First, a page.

Fri | Apr 3, 2020

Searchers in California fires step up efforts ahead of rain

Published:Monday | November 19, 2018 | 12:00 AM
FILE- In this Friday, Nov. 16, 2018, file photo search and rescue personnel search a home for human remains in the aftermath of the Camp fire in Paradise, Calif. Northern California crews battling the country's deadliest wildfire in a century were bracing for strong winds Sunday, Nov. 18, that could erode gains they have made in containing the fearsome blaze, which has killed dozens and leveled a town.

CHICO, California (AP):

Searchers combing a Northern California town levelled by a deadly wildfire stepped up their efforts Sunday ahead of rains forecast for later this week in the fire zone where 76 bodies have been recovered so far.

While the rain would help tamp down the blaze, it could also turn the area into a muddy mess and hinder efforts to find the remains of more victims in the town of Paradise.

Authorities said late Saturday that 1,300 names remain on a list of people who are unaccounted for more than a week after the fire began in Butte County. Authorities stressed that the long roster does not mean they believe all those on the list are missing.

Sheriff Kory Honea pleaded with evacuees to review the list of those reported as unreachable by family and friends and to call the department if those people are safe.

Deputies have located hundreds of people to date, but the overall number keeps growing because they are adding more names, including those from the chaotic early hours of the disaster, Honea said.

"Anytime you add a new element - rain, wind, all those kinds of things - you start disturbing things, spreading things around," Honea said Saturday. "As much as I wish that we could get through all of this before the rains come, I don't know if that's possible."




Honea said it was within the "realm of possibility" that officials would never know the exact death toll from the blaze.

Hundreds of search-and-recovery personnel from around the state are working to find remains, going to homes when they receive tips that someone might have died there.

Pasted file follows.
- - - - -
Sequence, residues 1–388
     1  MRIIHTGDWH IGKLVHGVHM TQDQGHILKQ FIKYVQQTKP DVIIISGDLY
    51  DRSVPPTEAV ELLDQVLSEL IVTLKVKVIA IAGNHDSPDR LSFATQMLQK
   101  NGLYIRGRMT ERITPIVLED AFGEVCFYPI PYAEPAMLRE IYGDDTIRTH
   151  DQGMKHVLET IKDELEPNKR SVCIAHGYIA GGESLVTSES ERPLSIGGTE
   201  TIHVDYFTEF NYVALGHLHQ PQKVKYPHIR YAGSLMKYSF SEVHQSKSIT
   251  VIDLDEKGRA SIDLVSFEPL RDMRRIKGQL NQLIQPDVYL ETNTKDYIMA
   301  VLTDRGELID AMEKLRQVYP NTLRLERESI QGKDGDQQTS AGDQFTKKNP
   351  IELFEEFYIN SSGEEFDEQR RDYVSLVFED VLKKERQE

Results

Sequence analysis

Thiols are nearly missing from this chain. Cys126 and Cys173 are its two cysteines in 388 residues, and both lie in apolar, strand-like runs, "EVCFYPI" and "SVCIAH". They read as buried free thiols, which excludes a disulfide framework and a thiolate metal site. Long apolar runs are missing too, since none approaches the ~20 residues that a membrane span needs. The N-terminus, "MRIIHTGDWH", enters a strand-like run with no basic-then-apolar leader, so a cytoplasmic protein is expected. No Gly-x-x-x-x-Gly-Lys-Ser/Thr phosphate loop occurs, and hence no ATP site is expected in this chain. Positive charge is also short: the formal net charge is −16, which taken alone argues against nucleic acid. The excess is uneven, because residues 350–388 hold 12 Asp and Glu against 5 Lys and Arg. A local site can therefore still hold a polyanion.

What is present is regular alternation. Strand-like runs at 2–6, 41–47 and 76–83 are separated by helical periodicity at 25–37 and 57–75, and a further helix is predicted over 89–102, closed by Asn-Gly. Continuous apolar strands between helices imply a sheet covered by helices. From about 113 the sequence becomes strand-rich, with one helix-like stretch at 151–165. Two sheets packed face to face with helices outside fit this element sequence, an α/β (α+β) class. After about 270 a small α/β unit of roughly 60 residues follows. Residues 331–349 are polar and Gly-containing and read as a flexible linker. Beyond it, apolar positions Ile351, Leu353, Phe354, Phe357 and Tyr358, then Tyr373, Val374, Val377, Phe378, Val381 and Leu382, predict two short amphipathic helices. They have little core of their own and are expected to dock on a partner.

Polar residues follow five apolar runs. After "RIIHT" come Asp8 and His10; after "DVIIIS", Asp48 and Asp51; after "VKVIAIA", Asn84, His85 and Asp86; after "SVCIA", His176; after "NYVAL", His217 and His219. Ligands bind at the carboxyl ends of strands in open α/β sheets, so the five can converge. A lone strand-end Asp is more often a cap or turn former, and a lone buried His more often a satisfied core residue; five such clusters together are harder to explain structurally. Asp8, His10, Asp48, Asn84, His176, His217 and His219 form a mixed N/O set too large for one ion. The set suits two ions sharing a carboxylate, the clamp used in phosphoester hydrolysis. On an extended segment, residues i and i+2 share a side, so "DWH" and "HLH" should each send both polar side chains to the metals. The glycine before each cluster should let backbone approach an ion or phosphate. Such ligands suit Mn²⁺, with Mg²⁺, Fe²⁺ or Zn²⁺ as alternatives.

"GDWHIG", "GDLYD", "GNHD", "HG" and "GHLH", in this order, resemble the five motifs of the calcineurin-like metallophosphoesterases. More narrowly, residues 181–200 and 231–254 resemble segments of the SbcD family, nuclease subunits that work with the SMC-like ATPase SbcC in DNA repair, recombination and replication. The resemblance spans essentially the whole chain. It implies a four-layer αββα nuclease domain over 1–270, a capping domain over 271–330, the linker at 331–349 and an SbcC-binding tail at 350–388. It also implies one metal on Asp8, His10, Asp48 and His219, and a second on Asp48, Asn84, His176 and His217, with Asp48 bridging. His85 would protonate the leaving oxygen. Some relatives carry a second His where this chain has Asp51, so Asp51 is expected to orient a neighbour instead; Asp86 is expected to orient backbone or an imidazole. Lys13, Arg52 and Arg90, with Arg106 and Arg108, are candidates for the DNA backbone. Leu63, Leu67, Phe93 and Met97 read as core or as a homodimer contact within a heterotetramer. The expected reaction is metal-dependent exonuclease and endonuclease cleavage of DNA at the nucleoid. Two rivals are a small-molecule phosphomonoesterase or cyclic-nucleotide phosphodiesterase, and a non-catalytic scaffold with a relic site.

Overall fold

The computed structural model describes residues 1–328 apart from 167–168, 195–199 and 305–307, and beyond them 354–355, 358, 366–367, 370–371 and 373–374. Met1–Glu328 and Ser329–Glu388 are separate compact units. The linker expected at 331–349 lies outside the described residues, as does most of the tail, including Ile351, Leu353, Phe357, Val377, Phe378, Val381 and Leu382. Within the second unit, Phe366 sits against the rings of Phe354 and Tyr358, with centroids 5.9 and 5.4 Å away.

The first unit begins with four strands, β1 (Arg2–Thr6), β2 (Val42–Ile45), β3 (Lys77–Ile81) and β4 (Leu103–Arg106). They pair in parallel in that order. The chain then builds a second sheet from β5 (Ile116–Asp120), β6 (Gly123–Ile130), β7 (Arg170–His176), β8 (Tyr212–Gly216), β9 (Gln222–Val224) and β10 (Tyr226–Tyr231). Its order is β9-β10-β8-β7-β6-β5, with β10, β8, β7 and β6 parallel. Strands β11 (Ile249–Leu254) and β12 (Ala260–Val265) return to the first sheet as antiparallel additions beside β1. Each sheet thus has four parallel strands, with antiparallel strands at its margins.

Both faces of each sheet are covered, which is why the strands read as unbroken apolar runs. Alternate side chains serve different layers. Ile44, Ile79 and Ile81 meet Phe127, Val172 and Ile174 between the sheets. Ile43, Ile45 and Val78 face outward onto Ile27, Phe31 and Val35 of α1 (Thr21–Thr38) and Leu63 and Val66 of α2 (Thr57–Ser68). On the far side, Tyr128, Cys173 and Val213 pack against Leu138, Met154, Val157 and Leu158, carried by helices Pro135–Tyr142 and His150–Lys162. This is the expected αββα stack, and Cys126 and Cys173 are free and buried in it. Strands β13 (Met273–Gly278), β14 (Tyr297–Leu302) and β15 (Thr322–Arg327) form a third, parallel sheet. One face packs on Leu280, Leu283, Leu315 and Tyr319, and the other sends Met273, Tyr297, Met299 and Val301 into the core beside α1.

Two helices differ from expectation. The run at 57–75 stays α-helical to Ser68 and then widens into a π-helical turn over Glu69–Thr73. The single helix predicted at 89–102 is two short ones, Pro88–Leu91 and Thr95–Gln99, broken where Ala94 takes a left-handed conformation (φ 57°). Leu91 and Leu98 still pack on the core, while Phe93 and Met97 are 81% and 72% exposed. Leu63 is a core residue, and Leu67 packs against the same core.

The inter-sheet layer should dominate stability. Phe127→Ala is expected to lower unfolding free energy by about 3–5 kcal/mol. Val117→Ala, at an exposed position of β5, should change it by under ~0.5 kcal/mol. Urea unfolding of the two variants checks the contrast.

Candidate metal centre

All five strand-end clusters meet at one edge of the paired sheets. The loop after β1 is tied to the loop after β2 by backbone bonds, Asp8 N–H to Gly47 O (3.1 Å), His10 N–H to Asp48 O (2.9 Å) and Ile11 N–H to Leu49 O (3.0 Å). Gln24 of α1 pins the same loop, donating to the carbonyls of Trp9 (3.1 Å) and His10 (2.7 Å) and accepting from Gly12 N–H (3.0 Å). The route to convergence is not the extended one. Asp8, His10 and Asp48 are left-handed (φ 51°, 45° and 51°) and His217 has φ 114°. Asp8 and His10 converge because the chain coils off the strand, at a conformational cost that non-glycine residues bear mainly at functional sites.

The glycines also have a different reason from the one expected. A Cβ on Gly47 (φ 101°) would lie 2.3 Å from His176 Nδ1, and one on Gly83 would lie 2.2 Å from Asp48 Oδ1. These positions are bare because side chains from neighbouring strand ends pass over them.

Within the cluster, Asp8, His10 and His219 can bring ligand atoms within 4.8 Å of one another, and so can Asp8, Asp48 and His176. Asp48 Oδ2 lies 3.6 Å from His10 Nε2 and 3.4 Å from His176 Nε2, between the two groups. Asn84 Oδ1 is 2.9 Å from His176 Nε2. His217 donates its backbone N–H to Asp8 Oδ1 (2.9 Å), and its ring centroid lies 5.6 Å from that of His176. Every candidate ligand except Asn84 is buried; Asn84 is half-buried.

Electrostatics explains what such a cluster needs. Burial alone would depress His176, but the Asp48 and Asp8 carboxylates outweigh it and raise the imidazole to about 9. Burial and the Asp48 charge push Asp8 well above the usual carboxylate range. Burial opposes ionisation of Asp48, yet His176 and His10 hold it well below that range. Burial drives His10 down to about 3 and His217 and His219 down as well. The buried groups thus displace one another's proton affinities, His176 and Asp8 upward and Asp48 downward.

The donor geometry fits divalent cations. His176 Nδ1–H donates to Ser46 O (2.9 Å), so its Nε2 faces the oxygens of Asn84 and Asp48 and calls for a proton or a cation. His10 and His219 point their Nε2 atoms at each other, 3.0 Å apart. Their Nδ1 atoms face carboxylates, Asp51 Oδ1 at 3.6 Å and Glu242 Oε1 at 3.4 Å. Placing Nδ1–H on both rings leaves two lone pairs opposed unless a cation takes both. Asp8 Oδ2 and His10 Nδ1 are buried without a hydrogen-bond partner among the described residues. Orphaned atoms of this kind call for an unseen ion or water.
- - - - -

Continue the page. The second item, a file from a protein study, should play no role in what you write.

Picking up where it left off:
But they are also doing a more comprehensive, "door-to-door" and "car-to-car" search of areas, said Joe Moses, a commander with the Monterey County Sheriff's Office, who is helping oversee the search and rescue effort.

The search area is huge, Moses said, with many structures that need to be checked.

The fire also burned many places to the ground, creating a landscape unique to many search-and-rescue personnel, he said.

"Here we're looking for very small parts and pieces, and so, we have to be very diligent and systematic in how we do our searches," he said Friday.

The remains of five more people were found Saturday, four in Paradise and one in nearby Concow, bringing the number of dead to 76.

Among them was Lolene Rios, 56, whose son Jed tearfully told KXTV in Sacramento that his mother had an "endless amount of love" for him.

US President Donald Trump toured the area Saturday, joined by California's outgoing and incoming governors, both Democrats who have traded sharp barbs with the Republican administration.

The president also visited Southern California, where firefighters were making progress on a wildfire that tore through communities west of Los Angeles from Thousand Oaks to Malibu, killing three people.

"We've never seen anything like this in California, we've never seen anything like this yet. It's like total devastation," Trump said as he stood amid the ruins of Paradise and pledged the full support of the federal government.

Soon after the fire began, Trump blamed state officials for poor forest management and threatened to cut off federal funding.

"He's got our back," outgoing Governor Jerry Brown said Sunday on CBS's Face the Nation.